Fight for your happiness, not your wallet
Doing what you really enjoy for a living has more value than any paycheck in the world. We are constantly inundated with how the economy is doing, how much we are saving and how much money we can make once we finish our degrees. We’re completely surrounded by the topic.
However, I can say from personal experience that there is no cost more than doing something you don’t enjoy. If you can’t love what you do, no amount of money is going to make up for that.
Enrolling in Florida Gulf Coast University gives me the opportunity to become more educated and find a career in something I will love instead of something that just supplies a paycheck. You can make enough money in almost any career, but I guarantee that most won’t be happy in just any position.
You shouldn’t sacrifice your happiness for your wallet, and you should listen to your conscience when you ask yourself if you will enjoy your path in life. Money doesn’t buy happiness, and success shouldn’t be measured by your net worth. While success is always important in life, you shouldn’t determine it with your bank balance.
Today’s culture of materialism and consumerism has lead to a state of constant obsession with wealth and the methods of obtaining it.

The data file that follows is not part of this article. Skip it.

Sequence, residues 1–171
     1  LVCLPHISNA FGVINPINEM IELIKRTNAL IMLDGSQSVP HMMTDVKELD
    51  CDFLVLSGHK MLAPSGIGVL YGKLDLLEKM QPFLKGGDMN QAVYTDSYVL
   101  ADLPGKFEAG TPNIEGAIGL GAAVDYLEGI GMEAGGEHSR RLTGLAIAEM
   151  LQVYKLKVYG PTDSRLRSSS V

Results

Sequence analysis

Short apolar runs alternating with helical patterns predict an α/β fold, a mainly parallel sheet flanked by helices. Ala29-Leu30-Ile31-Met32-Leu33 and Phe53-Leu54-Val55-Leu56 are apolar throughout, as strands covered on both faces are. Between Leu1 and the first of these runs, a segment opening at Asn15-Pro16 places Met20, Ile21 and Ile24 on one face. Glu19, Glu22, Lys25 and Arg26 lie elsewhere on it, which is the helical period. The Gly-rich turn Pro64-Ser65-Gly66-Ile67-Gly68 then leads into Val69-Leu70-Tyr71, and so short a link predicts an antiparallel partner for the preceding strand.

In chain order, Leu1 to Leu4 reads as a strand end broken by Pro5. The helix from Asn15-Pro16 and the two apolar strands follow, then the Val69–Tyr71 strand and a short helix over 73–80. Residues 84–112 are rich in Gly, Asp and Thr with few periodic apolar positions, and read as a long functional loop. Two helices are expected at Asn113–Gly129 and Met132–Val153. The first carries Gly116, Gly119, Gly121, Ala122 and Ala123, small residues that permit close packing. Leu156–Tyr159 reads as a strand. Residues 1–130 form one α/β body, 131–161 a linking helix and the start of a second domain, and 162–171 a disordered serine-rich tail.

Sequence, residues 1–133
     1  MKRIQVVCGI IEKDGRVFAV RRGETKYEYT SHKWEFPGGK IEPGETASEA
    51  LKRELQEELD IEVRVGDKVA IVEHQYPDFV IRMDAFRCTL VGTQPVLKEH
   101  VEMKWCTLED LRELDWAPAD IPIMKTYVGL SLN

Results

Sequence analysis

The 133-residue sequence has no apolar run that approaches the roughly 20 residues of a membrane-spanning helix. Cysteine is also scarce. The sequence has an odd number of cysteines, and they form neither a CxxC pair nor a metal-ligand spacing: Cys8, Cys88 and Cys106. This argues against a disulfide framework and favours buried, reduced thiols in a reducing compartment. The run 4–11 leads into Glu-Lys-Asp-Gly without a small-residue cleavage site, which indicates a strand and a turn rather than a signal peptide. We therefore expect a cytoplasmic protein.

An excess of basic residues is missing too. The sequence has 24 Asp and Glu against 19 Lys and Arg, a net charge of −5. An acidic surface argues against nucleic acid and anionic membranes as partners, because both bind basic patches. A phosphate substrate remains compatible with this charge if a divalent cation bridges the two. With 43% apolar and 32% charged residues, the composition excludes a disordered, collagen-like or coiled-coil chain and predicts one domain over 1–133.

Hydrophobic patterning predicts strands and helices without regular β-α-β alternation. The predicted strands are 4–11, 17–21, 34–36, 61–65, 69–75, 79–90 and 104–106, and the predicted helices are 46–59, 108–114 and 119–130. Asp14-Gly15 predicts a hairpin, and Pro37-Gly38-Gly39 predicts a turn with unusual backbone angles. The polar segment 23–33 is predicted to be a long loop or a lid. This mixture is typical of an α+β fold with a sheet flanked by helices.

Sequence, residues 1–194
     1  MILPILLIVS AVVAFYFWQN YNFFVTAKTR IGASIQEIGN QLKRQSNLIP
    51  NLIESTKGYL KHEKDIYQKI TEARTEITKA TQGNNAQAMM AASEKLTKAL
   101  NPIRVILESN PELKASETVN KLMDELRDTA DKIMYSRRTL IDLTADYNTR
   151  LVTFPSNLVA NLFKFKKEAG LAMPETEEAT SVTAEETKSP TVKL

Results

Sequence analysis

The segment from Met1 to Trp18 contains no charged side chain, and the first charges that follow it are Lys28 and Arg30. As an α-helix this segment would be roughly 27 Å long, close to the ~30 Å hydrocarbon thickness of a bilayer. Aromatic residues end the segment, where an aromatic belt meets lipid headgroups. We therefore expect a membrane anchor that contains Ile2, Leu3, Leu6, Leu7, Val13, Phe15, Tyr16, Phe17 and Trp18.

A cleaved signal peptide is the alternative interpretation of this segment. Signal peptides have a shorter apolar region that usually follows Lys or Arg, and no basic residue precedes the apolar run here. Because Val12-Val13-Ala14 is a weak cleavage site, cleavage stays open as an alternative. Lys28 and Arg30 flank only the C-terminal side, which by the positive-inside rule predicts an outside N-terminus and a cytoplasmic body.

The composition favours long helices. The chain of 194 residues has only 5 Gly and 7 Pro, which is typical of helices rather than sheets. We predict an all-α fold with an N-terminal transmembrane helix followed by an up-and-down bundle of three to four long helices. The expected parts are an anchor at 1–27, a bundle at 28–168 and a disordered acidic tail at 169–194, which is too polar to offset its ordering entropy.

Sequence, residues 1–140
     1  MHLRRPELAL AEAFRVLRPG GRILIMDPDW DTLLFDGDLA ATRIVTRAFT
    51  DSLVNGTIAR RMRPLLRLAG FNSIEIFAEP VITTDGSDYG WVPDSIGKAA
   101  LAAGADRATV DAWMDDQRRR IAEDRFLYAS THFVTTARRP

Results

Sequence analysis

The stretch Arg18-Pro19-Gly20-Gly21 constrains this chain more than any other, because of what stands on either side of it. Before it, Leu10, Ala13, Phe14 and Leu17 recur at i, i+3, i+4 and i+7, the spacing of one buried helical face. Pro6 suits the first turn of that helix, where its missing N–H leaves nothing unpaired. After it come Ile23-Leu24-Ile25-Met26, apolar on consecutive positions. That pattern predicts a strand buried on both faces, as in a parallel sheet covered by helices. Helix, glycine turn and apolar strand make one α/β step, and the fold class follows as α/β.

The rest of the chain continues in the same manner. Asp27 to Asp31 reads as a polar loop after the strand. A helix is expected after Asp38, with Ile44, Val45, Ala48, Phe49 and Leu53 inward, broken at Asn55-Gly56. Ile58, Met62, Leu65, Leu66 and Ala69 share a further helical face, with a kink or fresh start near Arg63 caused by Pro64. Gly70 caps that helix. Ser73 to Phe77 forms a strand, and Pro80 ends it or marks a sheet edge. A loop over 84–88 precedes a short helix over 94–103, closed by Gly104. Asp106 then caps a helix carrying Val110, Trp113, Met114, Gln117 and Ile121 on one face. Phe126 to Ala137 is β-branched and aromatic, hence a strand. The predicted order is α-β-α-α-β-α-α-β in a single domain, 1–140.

We seem to subscribe to this grand illusion as Americans that material wealth determines our ability to be complete, content and perfect when the reality is that we don’t need it. The character Tyler Durden from Chuck Palahniuk’s novel “Fight Club” says it best: “Advertising has us chasing cars and clothes, working jobs we hate so we can buy s*** we don’t need.”
So what is Mr. Durden’s prescription for such a problem?
Reject the basic assumptions of civilization, especially the importance of material possessions. Some people say that all this is talk of someone who doesn’t appreciate the finer things in life, but this isn’t true. We all enjoy the finer things in life, but at what point do you stop enjoying them and become a slave to them?
We could all take a little advice from Palahniuk’s novel, especially in a time when our economic future is uncertain. Beware, and never let the things you own in life end up owning you.